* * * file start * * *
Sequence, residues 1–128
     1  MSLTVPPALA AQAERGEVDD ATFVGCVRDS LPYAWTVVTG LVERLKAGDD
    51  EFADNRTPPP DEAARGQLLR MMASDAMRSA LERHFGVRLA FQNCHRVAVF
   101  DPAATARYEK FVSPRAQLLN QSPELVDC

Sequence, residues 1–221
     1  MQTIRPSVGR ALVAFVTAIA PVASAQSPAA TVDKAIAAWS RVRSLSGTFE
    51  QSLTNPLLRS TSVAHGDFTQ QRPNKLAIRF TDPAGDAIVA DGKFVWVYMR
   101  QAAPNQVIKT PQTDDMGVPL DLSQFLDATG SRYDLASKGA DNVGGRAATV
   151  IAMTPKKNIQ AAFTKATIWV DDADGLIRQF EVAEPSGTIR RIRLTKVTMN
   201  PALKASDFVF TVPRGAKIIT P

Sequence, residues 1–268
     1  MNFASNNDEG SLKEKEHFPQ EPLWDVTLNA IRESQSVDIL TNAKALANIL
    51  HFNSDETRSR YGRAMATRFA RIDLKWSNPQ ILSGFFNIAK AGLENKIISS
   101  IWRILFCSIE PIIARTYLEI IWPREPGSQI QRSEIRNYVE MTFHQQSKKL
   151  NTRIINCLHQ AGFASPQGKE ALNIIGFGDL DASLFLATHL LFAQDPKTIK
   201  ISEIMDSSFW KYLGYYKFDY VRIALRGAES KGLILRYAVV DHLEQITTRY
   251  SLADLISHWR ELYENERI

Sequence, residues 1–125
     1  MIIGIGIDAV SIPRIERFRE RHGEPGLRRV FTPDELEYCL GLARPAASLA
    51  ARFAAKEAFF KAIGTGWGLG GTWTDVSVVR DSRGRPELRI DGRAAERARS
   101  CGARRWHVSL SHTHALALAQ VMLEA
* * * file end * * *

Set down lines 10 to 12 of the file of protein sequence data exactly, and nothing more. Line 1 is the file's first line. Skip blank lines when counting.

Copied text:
   201  PALKASDFVF TVPRGAKIIT P

Sequence, residues 1–268
     1  MNFASNNDEG SLKEKEHFPQ EPLWDVTLNA IRESQSVDIL TNAKALANIL